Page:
Getting help

We’ve been having struggles as parents, and we are getting help.

My wife Kat and I have been getting parenting advice from a professional. All parenting is hard, but sometimes nothing you do works. You read the books, you try the different methods and philosophies, and still it can feel like banging your head against the wall.

Realizing we needed help wasn’t particularly hard; I don’t think Kat nor I felt any shame about admitting we wanted to talk to someone. But actually finding someone and making an appointment was hard for our Type B lifestyles. There’s the intake procedure, there’s getting to know the doctor, there’s figuring out how much it’ll cost–all things that just increase the inertia of getting to an office.

Most of what we go over with the doctor are things we already know–they’re hard to do in the moment, but it’s good to hear nevertheless. Sometimes it’s enough to hear “stick with it” or “it might not seem like it, but it’s working.” But it’s also nice to have a neutral third-party tell us when it’s OK to try something else. Parenting is a game of moving targets, but not moving them too much…moving targets while keeping the targets consistent. It can break your brain. Is now the time for stubborn consistency or is now the time for pragmatic adjustment of the standard? The help of someone who studies brains for a living can make you feel less crazy.

Sometimes it feels like we’re not learning anything in the sessions. Everything just seems like common sense. But it’s common sense that is still good to hear. And that it’s all common sense makes me feel better about myself. Things can be both common sense and hard to do at the same time. Being a parent is hard, and I’m glad I don’t have to drastically alter my worldview to do it in a way that is consistent with how tiny human brains work.

The best part is the dedicated hour once a week to talk about it. By the time the kids are in bed, the dishes are washed, and the floor is swept, Kat and I don’t have a ton of energy left for Serious Discussions™. Having an hour, on the calendar–an hour that we are paying for–means that we’re going to talk about parenting for that hour.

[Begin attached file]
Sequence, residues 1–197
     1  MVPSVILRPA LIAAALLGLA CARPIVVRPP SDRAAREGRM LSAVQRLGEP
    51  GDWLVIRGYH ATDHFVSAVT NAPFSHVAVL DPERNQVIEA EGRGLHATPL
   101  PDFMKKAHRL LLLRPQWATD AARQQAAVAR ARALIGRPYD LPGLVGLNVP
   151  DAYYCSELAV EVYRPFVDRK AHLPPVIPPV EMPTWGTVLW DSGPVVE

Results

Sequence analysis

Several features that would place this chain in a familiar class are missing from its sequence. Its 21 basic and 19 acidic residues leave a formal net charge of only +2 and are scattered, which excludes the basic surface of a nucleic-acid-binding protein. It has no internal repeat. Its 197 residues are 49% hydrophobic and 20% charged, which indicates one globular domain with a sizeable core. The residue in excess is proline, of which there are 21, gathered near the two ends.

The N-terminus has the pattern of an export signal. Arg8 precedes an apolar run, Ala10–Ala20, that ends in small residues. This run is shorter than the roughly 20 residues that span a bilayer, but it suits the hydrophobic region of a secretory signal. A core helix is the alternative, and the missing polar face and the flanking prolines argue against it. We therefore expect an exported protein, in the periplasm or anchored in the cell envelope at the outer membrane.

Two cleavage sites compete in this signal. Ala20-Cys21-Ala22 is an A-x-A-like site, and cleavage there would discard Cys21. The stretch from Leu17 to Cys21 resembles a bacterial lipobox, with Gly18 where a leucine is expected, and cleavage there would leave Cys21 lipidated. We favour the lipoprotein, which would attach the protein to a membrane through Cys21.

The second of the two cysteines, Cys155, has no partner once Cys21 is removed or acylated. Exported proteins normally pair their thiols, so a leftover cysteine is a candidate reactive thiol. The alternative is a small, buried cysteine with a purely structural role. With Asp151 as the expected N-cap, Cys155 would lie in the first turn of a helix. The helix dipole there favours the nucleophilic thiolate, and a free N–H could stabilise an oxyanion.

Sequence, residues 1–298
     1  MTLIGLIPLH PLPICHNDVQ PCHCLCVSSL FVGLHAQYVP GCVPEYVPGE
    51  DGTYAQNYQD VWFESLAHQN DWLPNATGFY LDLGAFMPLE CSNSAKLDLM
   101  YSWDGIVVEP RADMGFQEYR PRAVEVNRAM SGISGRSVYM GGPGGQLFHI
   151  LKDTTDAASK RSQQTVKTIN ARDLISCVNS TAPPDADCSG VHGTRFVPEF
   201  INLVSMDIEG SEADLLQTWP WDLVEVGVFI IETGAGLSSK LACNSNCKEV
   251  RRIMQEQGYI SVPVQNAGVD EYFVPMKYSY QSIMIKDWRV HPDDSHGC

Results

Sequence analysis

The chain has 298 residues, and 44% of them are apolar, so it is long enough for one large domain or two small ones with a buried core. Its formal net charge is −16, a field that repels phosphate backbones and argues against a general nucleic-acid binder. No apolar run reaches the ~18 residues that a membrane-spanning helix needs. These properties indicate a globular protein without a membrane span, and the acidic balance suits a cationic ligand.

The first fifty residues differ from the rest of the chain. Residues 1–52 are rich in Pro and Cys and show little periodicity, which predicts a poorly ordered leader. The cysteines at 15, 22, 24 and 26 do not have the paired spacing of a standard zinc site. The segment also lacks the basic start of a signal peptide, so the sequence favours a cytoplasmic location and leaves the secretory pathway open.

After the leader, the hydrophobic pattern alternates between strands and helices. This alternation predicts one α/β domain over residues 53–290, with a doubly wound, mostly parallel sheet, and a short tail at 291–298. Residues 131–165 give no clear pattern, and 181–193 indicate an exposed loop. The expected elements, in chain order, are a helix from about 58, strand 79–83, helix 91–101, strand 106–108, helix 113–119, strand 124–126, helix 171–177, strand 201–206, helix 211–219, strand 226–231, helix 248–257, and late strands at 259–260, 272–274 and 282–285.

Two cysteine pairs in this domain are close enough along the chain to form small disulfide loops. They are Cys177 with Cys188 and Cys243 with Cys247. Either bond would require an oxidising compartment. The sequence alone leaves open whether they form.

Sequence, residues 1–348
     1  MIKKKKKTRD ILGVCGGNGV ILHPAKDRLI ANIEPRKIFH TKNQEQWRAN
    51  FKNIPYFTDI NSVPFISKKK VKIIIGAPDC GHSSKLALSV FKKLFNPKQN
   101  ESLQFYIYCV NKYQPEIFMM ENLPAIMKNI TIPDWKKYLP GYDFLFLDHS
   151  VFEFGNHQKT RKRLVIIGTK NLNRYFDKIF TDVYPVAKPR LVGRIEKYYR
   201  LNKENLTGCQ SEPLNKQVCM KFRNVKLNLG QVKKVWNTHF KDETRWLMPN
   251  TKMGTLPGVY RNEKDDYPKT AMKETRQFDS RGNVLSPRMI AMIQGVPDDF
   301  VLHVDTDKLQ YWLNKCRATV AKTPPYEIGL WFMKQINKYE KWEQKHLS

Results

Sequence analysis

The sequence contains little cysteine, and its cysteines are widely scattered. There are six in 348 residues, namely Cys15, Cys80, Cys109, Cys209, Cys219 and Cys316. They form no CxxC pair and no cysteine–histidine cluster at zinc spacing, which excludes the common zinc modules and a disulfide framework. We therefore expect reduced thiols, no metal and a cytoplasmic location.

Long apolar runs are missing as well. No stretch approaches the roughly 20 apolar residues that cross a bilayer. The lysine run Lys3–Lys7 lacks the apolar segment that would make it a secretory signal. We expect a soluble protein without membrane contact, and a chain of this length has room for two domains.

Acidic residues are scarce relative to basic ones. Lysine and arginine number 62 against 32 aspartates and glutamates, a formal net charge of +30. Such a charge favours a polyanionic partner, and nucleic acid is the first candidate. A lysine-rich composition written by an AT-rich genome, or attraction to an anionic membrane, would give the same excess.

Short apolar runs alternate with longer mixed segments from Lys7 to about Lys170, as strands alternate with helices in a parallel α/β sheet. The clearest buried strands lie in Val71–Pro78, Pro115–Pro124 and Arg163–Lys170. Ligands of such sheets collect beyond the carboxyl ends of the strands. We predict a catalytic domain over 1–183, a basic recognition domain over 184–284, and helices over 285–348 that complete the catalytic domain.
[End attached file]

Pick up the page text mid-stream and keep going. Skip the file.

It’s not that Kat and I have different parenting philosophies, but Kat will describe a situation that I experienced in an entirely different way, and vice-versa. Sometimes I was just tired. Sometimes she was acting in a context I didn’t understand because I wasn’t home that afternoon. It really helps to hear Kat talk about what she was feeling. It really helps me to reflect on what I was feeling and share that with Kat.

I think my face is more expressive than it is. I think that my expression conveys exactly what I’m feeling to my loved ones. “I have a headache,” or even “I love you” are best expressed through words, and not through raising my eyebrows slightly. I should talk about things more, with words, and the regular parenting therapy has helped reinforce that.

Kat and I didn’t have to pass any sort of test to become parents. There’s no accrediting body looking at our SOP1 scores. I’m fine to admit that I don’t know what I’m doing, but I still want to do my very best. If things aren’t working, there’s no shame in admitting that I need advice. I don’t expect my kids to be perfect, and I don’t expect my life to be stress-free, but I do want to make things easier if possible. Or at least know that this part is supposed to be hard.

Photo by: exfordy

  1. Standards of Parenting 
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Sam Davies

Sam Davies is the father of two daughters (ages five and eight) who lives in Northside Richmond. He and his wife Kat are trying their best to not raise sociopaths.

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